Walk through the place where Vincent’s family lived and that inspired him
Welcome to Helvoirt. This charming village, in the heart of the Van Gogh National Park, is situated in the authentic Brabant countryside with meandering streams, marshlands, sand drifts and farmlands. Vincent van Gogh and his family had an incredibly special bond with this village. It is the place where Vincent’s family life played out and that inspired the young Vincent. Vincent’s father was the minister here from 1871 to 1875. Besides Vincent’s parents, brothers and sisters, several other family members lived here as well. Vincent loved visiting them. This was where he came home. This walking route is 75% unpaved. You walk from the village centre through the characteristic farmlands that inspired Vincent and that are largely being restored.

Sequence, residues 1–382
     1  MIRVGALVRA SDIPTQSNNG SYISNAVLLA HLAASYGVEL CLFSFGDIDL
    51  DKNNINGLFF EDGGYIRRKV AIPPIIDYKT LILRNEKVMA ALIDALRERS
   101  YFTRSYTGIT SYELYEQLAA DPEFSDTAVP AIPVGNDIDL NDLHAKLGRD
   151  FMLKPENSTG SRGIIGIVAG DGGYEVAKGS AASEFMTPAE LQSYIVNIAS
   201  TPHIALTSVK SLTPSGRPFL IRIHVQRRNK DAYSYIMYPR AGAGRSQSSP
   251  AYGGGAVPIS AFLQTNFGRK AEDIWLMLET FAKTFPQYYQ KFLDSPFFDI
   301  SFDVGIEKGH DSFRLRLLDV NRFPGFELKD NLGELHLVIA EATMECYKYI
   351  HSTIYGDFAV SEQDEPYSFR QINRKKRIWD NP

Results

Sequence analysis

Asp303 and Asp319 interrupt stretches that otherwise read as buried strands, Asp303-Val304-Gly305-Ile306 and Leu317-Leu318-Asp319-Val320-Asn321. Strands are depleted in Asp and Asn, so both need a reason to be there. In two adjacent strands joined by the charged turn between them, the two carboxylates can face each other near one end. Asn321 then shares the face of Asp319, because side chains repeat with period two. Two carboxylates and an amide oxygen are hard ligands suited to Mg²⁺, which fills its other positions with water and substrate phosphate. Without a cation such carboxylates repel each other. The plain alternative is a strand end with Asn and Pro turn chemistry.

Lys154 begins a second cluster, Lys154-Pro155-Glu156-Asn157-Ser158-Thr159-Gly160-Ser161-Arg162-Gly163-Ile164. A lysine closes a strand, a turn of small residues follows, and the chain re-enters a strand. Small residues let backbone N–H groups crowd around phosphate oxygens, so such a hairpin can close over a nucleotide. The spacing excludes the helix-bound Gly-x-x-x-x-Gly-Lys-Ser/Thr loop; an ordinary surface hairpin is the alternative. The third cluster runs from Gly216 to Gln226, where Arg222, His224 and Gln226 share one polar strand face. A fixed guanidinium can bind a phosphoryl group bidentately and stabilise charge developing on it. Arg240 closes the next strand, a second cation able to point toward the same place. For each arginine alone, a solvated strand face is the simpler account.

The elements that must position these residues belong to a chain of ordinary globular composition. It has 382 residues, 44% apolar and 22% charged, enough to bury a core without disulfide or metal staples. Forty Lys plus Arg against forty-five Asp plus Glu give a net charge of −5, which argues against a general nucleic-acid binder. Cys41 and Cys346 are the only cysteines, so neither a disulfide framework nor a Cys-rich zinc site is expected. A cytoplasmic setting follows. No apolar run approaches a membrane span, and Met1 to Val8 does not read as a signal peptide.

Van Gogh National Park
The Van Gogh walking tours in the Van Gogh National Park immerse you in the landscape Vincent van Gogh fell in love with. Enjoy the meandering streams, extensive nature reserves, farmland, country estates and greenery that stretches out right into the heart of the villages and towns. The locals are working together to preserve and expand this beautiful, healthy and green living environment. With Vincent van Gogh as their guide. 

Finding the way with numbered junctions
This Van Gogh NP walking tour has been mapped out using the local numbered junction system. You can recognise the route by the signs with the words 'Van Gogh National Park', which you will find on every junction post.Between the junctions you can follow the junction system signposts. 

Routes reporting point
If you find something wrong with the signage or the route itself, you can report it via the Brabant junction route reporting point. You can also call 0800 4050050 free of charge.